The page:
William Bell – “You Don’t Miss Your Water”


Introduction to William Bell

William Bell is an American R&B and soul singer-songwriter who has achieved a degree of success through his own hits as well as by being a chief pioneer of the Stax-Volt sound. A former member of the vocal group The Del Rios, Bell signed up with Stax label in the early 1960s, where he achieved his first Hot 100 hit “You Don’t Miss Your Water.” One of Bell’s more notable hit was called “Private Number” in 1968, which he duetted with Judy Clay. Other hits followed like “I Forgot To Be Your Lover” (which was re-made into a big Top 10 hit by Billy Idol under the name “To Be A Lover”) and “Tryin’ To Love Two,” his most successful single on the chart. He continued to record with the characteristic Stax-Volt style even as Stax label folded, working in other minor imprints until he established his own label Wilbe in the mid-1980s. Bell’s last full LP released under Wilbe was New Lease on Life in 2006.

William Bell’s early life and career

R&B and soul singer-songwriter William Bell was born William Yarborough in Memphis, Tennessee on July 16, 1939. He took the name “Bell” as remembrance to his grandmother, whose name was Belle.

Bell started in the industry by having different musical stints. He once backed for Rufus Thomas, and cut a handful of singles as being part of a vocal group called The Del-Rios.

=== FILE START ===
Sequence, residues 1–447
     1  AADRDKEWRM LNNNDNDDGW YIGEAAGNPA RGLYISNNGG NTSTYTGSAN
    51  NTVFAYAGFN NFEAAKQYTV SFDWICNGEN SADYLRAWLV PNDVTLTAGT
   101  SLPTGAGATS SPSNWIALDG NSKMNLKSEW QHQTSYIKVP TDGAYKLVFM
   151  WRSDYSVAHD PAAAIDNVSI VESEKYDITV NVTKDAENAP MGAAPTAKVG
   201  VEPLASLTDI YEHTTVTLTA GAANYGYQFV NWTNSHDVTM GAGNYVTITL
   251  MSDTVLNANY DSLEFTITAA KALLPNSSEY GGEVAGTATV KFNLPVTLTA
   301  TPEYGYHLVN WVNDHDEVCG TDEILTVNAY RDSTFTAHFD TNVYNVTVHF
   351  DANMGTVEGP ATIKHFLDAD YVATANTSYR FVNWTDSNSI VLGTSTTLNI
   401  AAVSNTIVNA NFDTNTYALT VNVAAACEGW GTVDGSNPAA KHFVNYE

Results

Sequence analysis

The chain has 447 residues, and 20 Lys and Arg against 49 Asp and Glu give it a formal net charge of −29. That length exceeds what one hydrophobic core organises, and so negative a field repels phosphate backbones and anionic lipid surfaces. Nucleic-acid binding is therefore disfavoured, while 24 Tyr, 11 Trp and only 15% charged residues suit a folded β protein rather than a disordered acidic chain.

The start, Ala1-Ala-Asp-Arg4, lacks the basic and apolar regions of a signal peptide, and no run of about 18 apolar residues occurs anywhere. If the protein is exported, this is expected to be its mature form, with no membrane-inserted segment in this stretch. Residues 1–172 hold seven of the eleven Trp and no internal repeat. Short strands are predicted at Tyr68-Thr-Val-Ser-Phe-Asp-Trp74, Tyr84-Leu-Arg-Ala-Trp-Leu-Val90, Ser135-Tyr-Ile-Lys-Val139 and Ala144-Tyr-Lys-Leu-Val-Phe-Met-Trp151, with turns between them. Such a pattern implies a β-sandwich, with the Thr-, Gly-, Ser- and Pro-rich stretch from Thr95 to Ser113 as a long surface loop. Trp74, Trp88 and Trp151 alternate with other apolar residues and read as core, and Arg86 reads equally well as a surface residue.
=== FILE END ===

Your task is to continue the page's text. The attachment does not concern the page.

Bell’s tenure at Stax label, and his signature song “You Don’t Miss Your Water”

In 1961 Bell signed up with the Stax label. His first single with Stax, titled “You Don’t Miss Your Water,” was written by Bell himself. It entered the Billboard Hot 100 singles chart and became a minor hit there (#95). The song was an exquisite bland of soul tinged with country influences, and it was one of the quintessential masterpieces that came out of the Memphis R&B and soul scene; it would be covered by Otis Redding in 1967. Speaking of Otis Redding, Bell would also write a song (together with Booker T. Jones) called “A Tribute to a King” (a Top 20 R&B hit in 1968) which was a sad farewell song to Redding, who died in 1967 on a plane crash. Redding had also been with Stax and also became one of the architects of the famed Stax sound.

Anyway, Bell’s earlier singles didn’t get anywhere much nationally, but his regional success enabled him to remain with Stax much longer. Finally, 1966 he scored his first substantial R&B hit with “Share What You Got (But Keep What You Need).” A two-year spell in the army though stalled his career, and it would be long before he released his own album The Soul of a Bell, in 1967.

Bell’s other notable singles at Stax

Bell had been in constant collaboration with another songwriter Booker T. Jones, and many of Bell’s charting singles were the songs they wrote together. Some of those songs include 1967’s “Everybody Loves a Winner” (#95 pop, 18 R&B) and 1968’s “Everyday Will Be a Holiday” (#33 R&B) and “I Forgot to Be Your Lover” (#45 pop, #10 R&B). Bell and Jones also wrote Albert King’s signature song “Born Under a Bad Sign,” which was also covered by the British blues band Cream.